How sore loser Hillary created a national obsession with Russia

Scott has linked to an article by Paul Sperry in the New York Post called “How Team Hillary played the press for fools on Russia.” Sperry’s article is also one of our “Power Line picks.”

Many of our readers will come across Sperry’s article, either via Power Line or in some other way. However, I think portions of it are worth quoting here, just in case.

Sperry writes:

Hillary Clinton’s campaign didn’t just pay for the Kremlin-aided smear job on Donald Trump before the election; she continued to use the dirt after the election to frame her humiliating loss as a Russian conspiracy to steal the election.

Bitter to the core, she and her campaign aides hatched a scheme, just 24 hours after conceding the race, to spoon-feed the dirty rumors to an eager liberal media and manufacture the narrative that Russia secretly colluded with her neophyte foe to sabotage her coronation.

The hatching of this scheme is documented by Jonathan Allen and Amie Parnes in their book “Shattered: Inside Hillary Clinton’s Doomed Campaign.” They reported:

Within 24 hours of [Clinton’s] concession speech, [campaign chair John Podesta and manager Robby Mook] assembled her communications team at the Brooklyn headquarters to engineer the case that the election wasn’t entirely on the up-and-up. For a couple of hours, with Shake Shack containers littering the room, they went over the script they would pitch to the press and the public. Already, Russian hacking was the centerpiece of the argument.

The plan succeeded. As Sperry reminds us: “After the election, coverage of the Russian ‘collusion’ story was relentless, and it helped pressure investigations and hearings on Capitol Hill and even the naming of a special counsel, which in turn has triggered virtually nonstop coverage”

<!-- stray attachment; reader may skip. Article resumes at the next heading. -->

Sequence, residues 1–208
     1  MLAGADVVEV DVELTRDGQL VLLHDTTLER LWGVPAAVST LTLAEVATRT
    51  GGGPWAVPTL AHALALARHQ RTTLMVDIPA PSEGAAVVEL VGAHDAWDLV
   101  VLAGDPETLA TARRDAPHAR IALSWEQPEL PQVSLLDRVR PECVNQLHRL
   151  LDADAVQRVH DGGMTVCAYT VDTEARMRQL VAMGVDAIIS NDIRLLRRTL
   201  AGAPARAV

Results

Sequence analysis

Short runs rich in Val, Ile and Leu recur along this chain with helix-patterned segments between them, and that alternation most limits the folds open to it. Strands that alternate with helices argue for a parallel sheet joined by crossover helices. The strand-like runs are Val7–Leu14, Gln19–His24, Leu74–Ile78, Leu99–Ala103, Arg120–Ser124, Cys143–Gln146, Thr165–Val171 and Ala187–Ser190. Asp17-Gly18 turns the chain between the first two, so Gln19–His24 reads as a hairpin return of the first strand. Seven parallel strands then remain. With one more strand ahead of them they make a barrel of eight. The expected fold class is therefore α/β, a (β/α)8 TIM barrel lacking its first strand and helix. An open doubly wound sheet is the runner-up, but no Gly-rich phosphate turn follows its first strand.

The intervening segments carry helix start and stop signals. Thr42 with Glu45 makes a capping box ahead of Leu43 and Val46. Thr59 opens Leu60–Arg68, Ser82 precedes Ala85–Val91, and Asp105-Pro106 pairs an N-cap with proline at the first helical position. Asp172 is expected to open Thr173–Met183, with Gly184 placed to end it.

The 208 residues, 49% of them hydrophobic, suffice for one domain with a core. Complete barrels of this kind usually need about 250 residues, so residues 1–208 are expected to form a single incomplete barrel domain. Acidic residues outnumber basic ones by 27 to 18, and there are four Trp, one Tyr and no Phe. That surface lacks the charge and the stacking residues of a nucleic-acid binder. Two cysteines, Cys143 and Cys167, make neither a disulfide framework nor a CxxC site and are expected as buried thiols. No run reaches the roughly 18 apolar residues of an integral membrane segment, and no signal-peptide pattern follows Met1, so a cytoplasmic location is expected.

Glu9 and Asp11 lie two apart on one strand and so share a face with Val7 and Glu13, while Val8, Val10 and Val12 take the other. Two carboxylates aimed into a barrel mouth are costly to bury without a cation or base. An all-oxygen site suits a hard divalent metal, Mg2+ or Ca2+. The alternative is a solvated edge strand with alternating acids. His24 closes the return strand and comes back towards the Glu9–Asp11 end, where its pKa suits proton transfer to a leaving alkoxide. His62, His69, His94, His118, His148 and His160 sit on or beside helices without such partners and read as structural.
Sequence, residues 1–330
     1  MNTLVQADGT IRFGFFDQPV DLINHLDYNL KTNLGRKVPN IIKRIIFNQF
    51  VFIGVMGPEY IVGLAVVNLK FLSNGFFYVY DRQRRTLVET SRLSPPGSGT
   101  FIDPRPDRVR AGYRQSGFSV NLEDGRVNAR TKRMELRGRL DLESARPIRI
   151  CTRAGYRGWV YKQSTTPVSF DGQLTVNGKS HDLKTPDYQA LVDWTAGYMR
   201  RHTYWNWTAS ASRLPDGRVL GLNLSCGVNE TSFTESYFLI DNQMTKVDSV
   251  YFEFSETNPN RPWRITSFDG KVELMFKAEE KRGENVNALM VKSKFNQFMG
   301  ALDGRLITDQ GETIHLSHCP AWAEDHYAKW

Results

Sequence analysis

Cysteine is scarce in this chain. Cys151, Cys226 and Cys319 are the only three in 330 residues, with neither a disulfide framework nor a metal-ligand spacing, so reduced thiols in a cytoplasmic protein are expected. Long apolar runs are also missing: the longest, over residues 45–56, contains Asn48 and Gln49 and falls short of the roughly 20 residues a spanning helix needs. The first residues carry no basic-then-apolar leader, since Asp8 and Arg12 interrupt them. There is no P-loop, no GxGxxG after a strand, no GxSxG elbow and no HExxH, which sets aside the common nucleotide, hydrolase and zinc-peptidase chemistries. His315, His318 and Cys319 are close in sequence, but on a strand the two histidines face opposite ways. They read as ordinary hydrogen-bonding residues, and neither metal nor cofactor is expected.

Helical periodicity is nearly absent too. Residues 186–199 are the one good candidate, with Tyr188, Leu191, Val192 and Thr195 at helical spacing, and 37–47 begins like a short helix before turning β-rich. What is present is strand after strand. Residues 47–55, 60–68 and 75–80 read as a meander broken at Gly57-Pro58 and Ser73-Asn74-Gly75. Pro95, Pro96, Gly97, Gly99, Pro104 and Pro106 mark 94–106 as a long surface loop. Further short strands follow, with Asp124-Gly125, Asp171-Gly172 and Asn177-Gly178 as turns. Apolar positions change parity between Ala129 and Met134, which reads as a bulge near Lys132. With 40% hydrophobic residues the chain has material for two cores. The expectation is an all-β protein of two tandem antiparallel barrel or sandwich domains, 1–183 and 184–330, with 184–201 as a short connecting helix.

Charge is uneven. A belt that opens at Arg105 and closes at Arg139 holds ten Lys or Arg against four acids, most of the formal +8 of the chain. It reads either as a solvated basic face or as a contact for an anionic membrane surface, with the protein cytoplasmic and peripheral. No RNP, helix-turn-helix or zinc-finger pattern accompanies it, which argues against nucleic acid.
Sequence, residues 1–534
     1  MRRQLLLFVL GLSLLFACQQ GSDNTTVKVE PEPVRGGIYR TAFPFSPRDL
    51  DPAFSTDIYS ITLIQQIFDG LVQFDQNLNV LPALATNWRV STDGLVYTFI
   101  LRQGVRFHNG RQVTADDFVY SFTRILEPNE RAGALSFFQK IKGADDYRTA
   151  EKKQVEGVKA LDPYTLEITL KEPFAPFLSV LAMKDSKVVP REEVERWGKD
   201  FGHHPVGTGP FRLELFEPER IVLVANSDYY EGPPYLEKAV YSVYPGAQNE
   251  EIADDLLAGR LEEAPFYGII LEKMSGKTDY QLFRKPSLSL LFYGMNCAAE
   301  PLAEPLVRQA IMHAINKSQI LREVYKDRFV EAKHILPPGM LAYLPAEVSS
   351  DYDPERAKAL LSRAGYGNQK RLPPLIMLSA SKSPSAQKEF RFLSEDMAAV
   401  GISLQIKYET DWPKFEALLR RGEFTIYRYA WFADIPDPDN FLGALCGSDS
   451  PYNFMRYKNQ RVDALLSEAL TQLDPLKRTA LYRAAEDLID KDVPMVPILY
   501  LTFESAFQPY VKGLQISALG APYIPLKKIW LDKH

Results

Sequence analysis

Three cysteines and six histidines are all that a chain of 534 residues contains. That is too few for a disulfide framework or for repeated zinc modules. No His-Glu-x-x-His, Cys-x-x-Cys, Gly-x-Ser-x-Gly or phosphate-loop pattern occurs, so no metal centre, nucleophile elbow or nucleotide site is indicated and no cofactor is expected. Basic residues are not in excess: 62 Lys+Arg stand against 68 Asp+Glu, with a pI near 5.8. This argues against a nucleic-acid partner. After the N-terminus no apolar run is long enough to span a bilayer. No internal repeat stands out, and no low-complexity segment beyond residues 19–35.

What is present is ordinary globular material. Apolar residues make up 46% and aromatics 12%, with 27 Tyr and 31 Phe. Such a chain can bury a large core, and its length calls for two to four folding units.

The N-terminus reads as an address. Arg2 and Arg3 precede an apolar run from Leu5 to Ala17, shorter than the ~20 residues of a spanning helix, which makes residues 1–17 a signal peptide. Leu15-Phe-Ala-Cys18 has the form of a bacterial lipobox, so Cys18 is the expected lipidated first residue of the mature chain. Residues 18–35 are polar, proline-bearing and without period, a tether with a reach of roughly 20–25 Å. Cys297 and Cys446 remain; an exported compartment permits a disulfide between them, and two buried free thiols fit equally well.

How relentless was that coverage? Sperry tells us:

A new Media Research Center study finds that, since the inauguration, major TV news networks have devoted an astonishing 1,000 minutes out of a total 5,015 minutes of Trump administration coverage discussing speculation that the Trump campaign may have colluded with Moscow in hacking Clinton campaign emails, “which means the Russia story alone has comprised almost one-fifth of all Trump news this year.”

In contrast, they so far have devoted just 20 seconds to the more substantive scandal of Hillary and her husband possibly trading US uranium rights for Russian cash.

Who fuels the nonstop coverage?

MRC analysts also found that more than a third of the networks’ Russia “scandal” coverage was based on anonymous sources who worked in the Obama administration, including Hillary’s State Department.

Thus, Team Hillary’s plan is working. Sure, stories it planted have been retracted and reporters fired. But that’s just collateral damage. Sperry is right: “Trump’s approval ratings have suffered, and the Russia investigation has distracted the administration.”

This is just what Team Clinton intended, as former Clinton communications director Jennifer Palmieri made clear to the Washington Post in March.

There is no doubt, then, that Team Clinton played the press. In my view, many in the press were happy to be played.

It’s worth noting, however, that even our gullible, left-leaning mainstream media didn’t take the bait when the Trump dossier, put together with Russian collusion for the Clinton campaign, was dangled before it. The mainstream media refused to run with the dossier because its assertions couldn’t be corroborated and, perhaps, because some of them seemed ridiculous.

It was our intelligence community that ran with with the dossier, though I doubt it was duped. The full extent of its reliance on the dossier is not clear. However, James Comey certainly put it to use, and by sharing it with the president, helped make it news.

“In short,” Sperry concludes, “Hillary couldn’t beat Trump with the political dirt she secretly purchased during the campaign, so she tried to cripple his presidency with help from an overwhelmingly anti-Trump media.” And, it appears, from elements of the U.S. government.

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